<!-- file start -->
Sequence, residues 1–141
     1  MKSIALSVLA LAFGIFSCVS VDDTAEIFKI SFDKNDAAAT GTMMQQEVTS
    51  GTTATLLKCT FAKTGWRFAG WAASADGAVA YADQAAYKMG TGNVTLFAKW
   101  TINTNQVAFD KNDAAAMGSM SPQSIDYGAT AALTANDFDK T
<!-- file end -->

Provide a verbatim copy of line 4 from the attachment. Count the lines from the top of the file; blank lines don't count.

   101  TINTNQVAFD KNDAAAMGSM SPQSIDYGAT AALTANDFDK T